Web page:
A consortium of 32 public interest groups recommends information and service architectures proposed by I School professors Erik Wilde and Eric Kansa and I School lecturer Raymond Yee to guide transparency measures for the $800 billion federal stimulus package.
In a letter sent Friday to the U.S. Office of Management & Budget (OMB), the Coalition for an Accountable Recovery officially recommended that the OMB incorporate Wilde, Kansa, and Yee's suggestions into its guidance on the implementation of the Recovery Act.
The recommendations focus on the use of data feeds for information transparency and discoverability. The letter describes feeds by saying that "Data feeds are to the Web what wire services are to newspapers: continuous streams of (structured) information feeding into the same destination. Data feeds using standardized formats can be combined, aggregated, filtered, compared and republished immediately and automatically."
The authors' recommendations include:
- Feeds should be easy to find. A transparency measure is not effective if it is hidden or remains obscure. Directories of feeds and guidelines for where to publish feeds should be developed.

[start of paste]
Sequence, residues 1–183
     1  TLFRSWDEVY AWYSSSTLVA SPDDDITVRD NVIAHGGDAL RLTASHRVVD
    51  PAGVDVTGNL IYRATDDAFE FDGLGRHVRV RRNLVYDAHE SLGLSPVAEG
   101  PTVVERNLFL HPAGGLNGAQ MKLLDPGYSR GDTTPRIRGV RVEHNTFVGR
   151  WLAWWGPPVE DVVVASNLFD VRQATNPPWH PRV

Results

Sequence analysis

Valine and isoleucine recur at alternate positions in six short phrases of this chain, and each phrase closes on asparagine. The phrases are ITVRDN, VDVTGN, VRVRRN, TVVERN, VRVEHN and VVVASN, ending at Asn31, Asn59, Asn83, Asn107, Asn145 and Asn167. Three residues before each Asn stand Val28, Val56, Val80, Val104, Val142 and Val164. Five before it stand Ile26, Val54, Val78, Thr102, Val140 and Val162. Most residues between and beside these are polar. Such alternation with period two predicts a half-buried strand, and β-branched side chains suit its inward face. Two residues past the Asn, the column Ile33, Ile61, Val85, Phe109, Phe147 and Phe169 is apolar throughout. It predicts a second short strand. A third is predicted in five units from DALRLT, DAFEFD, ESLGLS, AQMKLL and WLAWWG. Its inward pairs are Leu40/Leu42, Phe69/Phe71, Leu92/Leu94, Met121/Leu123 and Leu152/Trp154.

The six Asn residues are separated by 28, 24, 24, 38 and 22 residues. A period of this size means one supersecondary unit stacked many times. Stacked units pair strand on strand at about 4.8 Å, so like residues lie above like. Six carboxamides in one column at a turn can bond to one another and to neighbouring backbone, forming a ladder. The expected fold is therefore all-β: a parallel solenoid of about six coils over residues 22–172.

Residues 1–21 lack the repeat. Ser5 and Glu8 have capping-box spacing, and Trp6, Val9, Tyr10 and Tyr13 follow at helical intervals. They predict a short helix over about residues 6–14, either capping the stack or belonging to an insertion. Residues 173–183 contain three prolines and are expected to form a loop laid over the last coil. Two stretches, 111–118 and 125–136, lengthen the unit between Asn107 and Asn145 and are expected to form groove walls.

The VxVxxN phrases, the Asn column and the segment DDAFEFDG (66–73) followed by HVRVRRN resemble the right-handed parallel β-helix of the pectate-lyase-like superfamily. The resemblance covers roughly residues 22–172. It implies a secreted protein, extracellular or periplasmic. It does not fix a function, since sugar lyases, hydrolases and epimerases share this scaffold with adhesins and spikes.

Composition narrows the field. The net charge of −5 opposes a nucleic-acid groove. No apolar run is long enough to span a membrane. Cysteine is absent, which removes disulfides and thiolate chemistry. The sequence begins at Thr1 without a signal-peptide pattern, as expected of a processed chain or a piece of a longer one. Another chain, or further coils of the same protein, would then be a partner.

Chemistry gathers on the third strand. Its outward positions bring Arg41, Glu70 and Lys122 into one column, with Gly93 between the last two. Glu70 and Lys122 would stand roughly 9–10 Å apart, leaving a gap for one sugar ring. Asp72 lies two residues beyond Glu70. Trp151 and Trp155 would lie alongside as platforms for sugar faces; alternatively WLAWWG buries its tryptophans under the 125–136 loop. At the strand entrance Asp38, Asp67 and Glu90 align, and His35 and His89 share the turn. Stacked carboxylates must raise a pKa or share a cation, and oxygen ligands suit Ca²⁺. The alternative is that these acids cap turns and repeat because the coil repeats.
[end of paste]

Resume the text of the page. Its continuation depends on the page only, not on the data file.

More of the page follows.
- Feeds need to conform to common, open standards (valid Atom).
- Feeds need to clearly indicate links to retrieve relevant, structured reporting data. This structured data should be in an open XML-format uniformly applied by each agency.
- Feeds need to archive data so that they not only deliver current information, but also make old entries and associated data easy to retrieve.
The recommendations are a response to the OMB's Initial Implementing Guidance for the American Recovery and Reinvestment Act of 2009, released on February 18, 2009, one day after the Recovery Act became law, and the updated guidelines, issued on April 3, 2009. The agency plans to issue another update in May 2009, based on public input and feedback received by April 17.
The Coalition for an Accountable Recovery is a consortium of 32 public interest groups, formed to promote accountability policies for both government agencies and companies that contract with or benefit from recovery spending. The coalition is sponsored in part by OMB Watch, a nonprofit research and advocacy organization that advocates for transparency and accountability in the OMB.
Eric Kansa and Erik Wilde are both adjunct professors at the School of Information and are part of the school's Information & Service Design (ISD) program. Raymond Yee is a lecturer who teaches the I School course "Mixing and Remixing Information."